MS. MYERS: Well, I think that we're already happy to take credit for -- (laughter). I think you have -- I mean, certainly the seriousness of the proposals has had an impact on things like interest rates; and I think there's been some job growth -- 755,000 new jobs. But I'm not sure it's -- we're happy to point out those changes in the economic situation, but the plan is not finally passed, and I think it's important see the final form before I think businesses can react and sort of respond to it.

Q: May I follow this question? I understood the rationale for why you -- the administration claimed that interest rates had gone down after the President's proposal. But since George Stephanopoulos went from saying it was a jobless recovery to taking credit for the jobs that were created in about 48 hours, I would like someone to explain to me the mechanism by which these proposals created jobs in your minds?

MS. MYERS: Well, lower interest rates puts literally millions, perhaps -- I think the estimate is that a one point reduction in the long-term interest rates has put $10 billion back into the economy. That makes capital available for all kinds of business creation and other things. Also, we've seen interest rates at their lowest point in 20 years. There's a seven-year high in new home sales. That has created about 140,000 jobs just in the construction industry in the last four months. So I think the connection is indisputable between commitment to deficit reduction, lower interest rates and job creation. That's not to say that we're out of the woods. I think the President is not satisfied with the economic performance. He doesn't believe the economy is working for everybody, but he thinks we're at least starting to move in the right direction.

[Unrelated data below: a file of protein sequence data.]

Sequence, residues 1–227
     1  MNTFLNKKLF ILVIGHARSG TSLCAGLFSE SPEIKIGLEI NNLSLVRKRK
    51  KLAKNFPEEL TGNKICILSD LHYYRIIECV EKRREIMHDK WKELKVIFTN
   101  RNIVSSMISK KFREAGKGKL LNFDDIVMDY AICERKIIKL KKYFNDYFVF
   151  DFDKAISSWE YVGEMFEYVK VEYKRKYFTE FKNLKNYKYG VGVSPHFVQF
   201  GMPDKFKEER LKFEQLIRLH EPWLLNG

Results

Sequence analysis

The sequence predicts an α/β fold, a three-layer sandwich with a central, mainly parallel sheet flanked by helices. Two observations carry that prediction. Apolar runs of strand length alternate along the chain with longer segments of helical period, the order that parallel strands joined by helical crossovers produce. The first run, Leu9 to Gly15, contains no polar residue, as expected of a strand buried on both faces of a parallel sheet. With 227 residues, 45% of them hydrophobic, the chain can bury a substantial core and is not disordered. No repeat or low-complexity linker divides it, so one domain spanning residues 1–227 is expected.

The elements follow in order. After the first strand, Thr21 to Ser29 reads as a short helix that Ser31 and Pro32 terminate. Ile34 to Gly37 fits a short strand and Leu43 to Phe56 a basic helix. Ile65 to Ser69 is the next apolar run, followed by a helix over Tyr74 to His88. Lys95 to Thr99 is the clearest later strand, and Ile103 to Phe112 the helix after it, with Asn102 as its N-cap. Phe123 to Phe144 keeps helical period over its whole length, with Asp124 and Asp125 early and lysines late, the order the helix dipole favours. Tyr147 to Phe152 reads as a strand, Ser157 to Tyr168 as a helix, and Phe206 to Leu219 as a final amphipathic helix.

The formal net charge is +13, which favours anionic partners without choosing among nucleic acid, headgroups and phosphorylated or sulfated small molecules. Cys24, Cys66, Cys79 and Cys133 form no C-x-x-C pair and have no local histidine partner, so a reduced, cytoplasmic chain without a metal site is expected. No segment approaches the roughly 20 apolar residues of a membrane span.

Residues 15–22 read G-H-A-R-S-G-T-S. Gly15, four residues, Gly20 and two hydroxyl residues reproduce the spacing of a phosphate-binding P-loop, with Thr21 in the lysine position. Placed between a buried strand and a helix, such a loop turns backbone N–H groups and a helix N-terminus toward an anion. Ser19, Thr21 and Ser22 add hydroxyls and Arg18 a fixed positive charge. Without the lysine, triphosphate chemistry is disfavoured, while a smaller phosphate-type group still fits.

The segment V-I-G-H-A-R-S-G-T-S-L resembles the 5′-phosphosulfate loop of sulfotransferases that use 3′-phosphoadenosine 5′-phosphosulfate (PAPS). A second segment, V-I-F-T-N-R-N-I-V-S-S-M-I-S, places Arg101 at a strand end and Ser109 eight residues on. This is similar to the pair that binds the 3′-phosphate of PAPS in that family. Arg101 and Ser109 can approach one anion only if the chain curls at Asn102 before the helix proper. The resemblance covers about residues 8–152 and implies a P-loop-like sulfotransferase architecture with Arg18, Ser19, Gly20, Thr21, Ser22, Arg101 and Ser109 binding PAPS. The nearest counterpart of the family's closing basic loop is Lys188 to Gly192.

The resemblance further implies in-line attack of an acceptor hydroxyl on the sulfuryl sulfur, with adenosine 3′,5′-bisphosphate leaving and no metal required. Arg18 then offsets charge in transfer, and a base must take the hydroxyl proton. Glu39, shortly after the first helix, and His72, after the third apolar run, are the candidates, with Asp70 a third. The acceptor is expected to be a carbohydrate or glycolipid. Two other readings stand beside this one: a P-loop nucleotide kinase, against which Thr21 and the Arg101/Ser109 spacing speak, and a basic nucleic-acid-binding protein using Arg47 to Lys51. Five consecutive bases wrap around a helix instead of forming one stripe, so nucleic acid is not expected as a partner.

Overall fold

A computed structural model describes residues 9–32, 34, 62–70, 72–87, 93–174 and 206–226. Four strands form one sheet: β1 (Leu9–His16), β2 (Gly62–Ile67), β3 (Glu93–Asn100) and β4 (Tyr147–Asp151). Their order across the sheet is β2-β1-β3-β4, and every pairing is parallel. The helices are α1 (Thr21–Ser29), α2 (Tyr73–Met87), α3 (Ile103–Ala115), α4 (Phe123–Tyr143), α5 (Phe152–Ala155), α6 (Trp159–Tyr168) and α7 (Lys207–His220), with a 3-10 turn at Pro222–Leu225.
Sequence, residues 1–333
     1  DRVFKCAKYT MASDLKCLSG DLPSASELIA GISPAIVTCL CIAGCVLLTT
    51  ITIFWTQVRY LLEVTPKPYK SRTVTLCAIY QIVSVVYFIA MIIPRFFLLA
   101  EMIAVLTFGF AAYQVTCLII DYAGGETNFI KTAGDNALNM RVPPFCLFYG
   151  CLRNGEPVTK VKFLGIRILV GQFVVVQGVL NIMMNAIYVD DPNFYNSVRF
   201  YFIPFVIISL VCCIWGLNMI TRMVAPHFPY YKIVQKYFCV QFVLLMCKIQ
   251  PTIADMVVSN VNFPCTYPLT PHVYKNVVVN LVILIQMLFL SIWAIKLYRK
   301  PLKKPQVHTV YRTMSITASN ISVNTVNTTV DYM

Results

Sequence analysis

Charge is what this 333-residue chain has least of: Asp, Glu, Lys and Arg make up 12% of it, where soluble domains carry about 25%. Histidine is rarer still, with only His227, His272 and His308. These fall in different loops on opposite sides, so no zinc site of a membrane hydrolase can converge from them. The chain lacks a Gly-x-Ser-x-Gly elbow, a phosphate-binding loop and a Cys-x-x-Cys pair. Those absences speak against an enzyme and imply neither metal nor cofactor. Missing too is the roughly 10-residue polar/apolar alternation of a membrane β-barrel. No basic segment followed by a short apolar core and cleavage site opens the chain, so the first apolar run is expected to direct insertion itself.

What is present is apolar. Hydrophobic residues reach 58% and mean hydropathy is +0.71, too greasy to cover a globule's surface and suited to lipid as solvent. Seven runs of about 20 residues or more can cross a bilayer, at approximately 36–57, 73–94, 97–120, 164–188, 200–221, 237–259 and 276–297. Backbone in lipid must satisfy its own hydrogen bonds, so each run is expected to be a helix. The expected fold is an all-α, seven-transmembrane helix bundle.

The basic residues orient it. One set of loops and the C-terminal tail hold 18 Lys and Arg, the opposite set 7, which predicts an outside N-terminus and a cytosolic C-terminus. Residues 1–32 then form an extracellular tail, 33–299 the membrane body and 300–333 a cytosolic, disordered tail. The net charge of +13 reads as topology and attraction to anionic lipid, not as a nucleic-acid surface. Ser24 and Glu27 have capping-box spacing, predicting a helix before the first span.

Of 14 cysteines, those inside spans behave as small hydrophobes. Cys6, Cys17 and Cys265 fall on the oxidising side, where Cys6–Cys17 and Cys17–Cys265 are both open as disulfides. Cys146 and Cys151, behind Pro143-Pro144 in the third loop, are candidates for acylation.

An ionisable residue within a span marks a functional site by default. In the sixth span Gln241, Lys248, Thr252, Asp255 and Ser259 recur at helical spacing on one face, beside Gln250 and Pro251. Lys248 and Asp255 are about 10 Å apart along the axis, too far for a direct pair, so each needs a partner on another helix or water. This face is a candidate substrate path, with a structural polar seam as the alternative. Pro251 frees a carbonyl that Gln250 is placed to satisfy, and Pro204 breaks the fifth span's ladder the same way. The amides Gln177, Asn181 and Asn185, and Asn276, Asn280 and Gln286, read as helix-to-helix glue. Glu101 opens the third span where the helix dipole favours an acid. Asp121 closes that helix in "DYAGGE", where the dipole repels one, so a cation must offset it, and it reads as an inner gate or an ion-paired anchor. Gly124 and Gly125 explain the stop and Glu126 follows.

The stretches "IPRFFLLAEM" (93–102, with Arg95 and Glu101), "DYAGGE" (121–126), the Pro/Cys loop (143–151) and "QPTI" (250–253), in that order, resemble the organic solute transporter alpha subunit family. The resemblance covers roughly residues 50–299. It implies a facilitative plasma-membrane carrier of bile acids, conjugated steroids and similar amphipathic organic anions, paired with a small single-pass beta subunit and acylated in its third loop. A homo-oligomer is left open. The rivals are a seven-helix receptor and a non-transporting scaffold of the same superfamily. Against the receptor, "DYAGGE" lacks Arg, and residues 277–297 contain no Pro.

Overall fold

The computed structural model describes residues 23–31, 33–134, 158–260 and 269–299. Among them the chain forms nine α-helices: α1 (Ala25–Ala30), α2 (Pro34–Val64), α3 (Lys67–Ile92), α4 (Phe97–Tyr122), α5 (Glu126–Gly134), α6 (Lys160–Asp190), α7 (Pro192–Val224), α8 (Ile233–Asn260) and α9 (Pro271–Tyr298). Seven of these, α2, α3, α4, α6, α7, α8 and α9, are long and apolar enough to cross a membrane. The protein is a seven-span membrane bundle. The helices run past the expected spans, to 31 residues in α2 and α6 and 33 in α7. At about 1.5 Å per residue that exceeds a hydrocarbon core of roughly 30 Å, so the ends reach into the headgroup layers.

Q: That all in one breath.

MS. MYERS: All in one breath. Thank you.

THE PRESS: Thank you.

END 12:10 P.M. EDT

William J. Clinton, Press Briefing by Dee Dee Myers Online by Gerhard Peters and John T. Woolley, The American Presidency Project